Review: Little Axel

Written and directed by Fabien Greenberg and Bård Kjøge Rønning, growing up in the bohemian community at Hydra with Leonard Cohen as a stepfather, Little Axel tells a story of neglect and an overload of freedom.

Growing up within the world of fame and celebrity, with parents who give you absolute free reign and a minimum of care and attention, is almost always going to be a recipe for struggle, mental health issues or addiction. Axel Joachim Jensen received that exact cocktail of parental ambivalence and freedom, leaving him to constantly search for other things to fill that gap. You know what’s coming with this documentary but it still hits with a big wave of sadness, regret and melancholy. Diving into the different distractions that Axel employed, adventures and recklessness that just led him further away from a reliable, comfortable, caring life.

It feels somewhat similar to how The Most Beautiful Boy in the World explores the damaging impact of the public eye. However, whereas that film dives deep under the skin of its subject, Little Axel doesn’t quite break the surface. It’s working with a very short run time and while it does employ a few different voices to give variety to the perspective, it feels like there was a lot more psychology and emotional damage to discover. It’s understandable as it doesn’t seem as though Axel himself wants to start digging up the past too much, but it feels as though it’s missing another level to make it truly connect with its viewers.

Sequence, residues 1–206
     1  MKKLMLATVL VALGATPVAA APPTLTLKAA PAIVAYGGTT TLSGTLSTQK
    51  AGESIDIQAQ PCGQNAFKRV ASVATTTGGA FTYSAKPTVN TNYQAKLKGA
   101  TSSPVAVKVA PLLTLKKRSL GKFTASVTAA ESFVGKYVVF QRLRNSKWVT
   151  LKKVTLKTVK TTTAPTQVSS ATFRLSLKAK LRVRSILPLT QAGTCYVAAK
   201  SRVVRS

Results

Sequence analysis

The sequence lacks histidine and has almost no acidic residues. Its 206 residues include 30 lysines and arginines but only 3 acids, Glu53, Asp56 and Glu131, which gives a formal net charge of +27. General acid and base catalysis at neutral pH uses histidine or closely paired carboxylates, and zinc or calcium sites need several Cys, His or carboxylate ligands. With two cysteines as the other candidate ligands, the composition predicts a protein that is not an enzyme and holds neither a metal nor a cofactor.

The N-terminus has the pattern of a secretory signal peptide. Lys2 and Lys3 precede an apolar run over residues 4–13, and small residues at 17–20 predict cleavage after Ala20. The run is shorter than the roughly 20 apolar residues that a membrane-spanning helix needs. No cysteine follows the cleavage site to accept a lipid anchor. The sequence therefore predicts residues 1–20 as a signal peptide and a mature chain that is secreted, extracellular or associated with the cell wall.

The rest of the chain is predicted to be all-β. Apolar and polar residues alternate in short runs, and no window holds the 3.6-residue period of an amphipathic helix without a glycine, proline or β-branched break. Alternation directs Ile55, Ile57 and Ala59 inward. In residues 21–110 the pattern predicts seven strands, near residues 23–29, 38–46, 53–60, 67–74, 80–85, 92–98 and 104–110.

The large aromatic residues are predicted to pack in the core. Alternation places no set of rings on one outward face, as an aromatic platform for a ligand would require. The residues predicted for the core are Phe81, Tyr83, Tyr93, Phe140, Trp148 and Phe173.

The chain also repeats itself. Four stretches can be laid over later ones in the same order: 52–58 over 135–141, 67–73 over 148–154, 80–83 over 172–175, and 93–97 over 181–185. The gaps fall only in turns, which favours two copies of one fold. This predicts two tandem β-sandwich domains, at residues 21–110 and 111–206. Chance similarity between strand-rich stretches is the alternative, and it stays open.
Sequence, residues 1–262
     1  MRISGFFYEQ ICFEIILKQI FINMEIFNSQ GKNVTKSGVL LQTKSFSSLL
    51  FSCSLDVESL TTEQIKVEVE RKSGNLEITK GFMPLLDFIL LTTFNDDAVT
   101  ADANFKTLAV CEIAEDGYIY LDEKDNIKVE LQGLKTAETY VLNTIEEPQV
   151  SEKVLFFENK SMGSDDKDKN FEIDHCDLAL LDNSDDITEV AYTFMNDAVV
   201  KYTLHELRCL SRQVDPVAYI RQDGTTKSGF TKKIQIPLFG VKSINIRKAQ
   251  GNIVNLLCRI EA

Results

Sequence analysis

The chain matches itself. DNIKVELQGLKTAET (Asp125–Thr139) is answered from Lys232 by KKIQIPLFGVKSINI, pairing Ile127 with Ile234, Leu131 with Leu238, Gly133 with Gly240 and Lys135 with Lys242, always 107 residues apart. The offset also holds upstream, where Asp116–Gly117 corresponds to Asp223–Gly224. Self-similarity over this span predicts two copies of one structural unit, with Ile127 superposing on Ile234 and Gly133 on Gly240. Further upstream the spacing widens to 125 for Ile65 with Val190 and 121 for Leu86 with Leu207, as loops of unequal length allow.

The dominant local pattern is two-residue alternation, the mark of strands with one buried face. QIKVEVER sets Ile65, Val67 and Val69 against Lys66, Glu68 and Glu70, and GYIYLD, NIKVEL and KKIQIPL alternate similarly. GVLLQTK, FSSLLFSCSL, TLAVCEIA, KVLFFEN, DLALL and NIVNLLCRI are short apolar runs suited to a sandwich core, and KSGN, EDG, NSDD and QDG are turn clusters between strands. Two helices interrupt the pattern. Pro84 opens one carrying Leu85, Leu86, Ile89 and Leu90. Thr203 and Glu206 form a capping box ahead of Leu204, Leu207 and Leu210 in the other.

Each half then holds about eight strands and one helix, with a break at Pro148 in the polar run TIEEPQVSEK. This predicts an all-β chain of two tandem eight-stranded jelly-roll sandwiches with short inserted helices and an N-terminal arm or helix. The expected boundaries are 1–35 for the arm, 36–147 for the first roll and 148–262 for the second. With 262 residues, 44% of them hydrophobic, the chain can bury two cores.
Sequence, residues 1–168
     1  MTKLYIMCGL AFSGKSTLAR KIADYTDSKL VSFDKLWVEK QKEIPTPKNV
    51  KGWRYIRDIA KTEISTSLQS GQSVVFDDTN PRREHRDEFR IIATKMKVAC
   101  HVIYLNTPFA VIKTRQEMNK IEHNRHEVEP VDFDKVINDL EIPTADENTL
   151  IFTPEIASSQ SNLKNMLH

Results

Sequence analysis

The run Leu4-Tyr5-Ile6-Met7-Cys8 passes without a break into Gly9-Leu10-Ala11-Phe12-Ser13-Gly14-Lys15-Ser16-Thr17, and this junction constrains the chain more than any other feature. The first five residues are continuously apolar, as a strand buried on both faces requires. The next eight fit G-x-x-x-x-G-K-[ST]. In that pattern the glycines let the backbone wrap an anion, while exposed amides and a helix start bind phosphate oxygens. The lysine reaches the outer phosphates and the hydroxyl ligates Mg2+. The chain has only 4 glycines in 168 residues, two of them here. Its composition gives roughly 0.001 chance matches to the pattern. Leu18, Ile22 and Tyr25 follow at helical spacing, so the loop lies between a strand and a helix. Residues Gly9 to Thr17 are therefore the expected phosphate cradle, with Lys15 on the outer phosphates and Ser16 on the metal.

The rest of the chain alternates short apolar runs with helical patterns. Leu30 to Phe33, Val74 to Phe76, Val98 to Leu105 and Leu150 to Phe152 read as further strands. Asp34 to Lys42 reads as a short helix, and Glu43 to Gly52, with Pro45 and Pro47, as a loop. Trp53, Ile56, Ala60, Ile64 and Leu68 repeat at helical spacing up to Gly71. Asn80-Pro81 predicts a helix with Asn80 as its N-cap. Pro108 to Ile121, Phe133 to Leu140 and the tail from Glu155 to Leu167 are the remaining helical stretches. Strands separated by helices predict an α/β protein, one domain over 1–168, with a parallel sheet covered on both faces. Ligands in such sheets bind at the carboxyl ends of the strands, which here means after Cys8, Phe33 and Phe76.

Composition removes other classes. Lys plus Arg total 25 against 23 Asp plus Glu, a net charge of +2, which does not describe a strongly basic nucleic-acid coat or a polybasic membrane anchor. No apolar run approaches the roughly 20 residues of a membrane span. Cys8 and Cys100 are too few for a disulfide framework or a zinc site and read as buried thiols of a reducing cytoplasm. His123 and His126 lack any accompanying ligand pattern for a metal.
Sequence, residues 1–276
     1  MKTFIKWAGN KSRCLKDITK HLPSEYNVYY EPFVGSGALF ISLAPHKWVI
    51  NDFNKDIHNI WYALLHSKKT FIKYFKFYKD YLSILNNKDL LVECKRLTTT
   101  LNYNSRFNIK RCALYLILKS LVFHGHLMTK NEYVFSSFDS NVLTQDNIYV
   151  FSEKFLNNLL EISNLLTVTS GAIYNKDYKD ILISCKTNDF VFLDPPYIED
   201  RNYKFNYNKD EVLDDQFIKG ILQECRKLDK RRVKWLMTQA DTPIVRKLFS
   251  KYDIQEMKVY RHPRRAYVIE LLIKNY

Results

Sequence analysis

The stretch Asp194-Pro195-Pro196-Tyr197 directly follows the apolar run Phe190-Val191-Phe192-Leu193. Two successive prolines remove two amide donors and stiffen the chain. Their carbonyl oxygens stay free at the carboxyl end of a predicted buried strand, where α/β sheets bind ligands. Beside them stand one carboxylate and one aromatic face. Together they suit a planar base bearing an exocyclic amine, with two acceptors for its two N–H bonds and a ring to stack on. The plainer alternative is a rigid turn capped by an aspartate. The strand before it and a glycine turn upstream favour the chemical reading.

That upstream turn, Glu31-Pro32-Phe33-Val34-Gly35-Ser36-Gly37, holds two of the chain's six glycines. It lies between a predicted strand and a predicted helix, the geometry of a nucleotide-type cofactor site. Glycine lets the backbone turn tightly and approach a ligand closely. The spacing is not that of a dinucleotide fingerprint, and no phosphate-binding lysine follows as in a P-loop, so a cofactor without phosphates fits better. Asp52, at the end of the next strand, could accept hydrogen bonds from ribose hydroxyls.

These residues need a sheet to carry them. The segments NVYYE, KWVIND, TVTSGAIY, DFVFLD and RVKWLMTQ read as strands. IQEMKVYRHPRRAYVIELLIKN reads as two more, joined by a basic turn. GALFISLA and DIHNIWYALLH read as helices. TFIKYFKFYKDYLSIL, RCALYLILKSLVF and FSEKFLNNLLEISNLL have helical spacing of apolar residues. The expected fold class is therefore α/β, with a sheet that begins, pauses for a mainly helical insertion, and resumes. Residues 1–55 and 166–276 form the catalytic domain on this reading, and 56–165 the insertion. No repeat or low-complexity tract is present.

Fabien Greenberg and Bård Kjøge Rønning’s direction has a good mix of talking heads and nostalgic footage. While Leonard Cohen’s involvement is a nice way to get that first foot in the door, he doesn’t take over the focus, it remains with Axel. It does a great job of building that layered atmosphere, depicting the sadness within the entire story but again, it’s only grasping the tip of the iceberg. It has emotion and kindness but doesn’t quite manage the depth that it’s aiming for, it feels more like an introduction to a larger exploration.

Little Axel holds a genuine sadness, a life sent astray at childhood and never found its way to a real home. It’s a familiar story and unfortunately, it just doesn’t have a great deal to add to the conversation. It dips its toes into the damage such a free, untethered childhood does and how it translates into difficulties in adulthood but it isn’t quite able to capture the bigger depth that it calls out for.

Verdict: ✯✯✯ | 6/10

Reviewed as part of Raindance Film Festival 2022

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